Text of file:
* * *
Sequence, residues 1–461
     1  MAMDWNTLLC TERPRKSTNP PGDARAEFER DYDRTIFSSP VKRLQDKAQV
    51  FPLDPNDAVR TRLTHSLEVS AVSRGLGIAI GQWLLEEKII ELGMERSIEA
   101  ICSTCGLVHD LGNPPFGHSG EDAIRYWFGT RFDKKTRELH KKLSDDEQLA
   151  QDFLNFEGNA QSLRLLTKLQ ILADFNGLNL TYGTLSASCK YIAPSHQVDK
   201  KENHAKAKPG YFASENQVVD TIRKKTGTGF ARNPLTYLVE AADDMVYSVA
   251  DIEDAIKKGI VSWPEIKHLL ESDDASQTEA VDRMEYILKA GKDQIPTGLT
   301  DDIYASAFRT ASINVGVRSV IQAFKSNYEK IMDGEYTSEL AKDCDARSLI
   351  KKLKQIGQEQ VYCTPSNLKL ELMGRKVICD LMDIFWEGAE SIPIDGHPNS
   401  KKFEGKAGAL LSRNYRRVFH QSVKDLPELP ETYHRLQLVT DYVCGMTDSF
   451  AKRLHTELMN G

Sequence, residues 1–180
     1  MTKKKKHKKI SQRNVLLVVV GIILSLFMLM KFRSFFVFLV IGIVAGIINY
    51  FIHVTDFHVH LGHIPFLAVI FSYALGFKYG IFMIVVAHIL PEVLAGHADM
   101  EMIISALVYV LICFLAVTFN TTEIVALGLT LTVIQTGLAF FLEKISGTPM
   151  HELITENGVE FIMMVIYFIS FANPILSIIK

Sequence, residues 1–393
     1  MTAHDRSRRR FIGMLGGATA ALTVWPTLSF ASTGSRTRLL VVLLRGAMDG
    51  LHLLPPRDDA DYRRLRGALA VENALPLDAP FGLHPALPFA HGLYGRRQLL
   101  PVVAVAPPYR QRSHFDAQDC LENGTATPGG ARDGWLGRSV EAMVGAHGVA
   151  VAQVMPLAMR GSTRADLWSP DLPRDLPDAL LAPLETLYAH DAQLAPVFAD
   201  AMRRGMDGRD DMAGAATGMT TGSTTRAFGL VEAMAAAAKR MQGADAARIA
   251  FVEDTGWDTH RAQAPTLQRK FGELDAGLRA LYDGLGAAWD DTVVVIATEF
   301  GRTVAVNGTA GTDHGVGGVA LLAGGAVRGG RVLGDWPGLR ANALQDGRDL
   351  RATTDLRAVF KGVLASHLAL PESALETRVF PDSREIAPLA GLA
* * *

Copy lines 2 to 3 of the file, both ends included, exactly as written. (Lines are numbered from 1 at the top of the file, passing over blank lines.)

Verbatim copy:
     1  MAMDWNTLLC TERPRKSTNP PGDARAEFER DYDRTIFSSP VKRLQDKAQV
    51  FPLDPNDAVR TRLTHSLEVS AVSRGLGIAI GQWLLEEKII ELGMERSIEA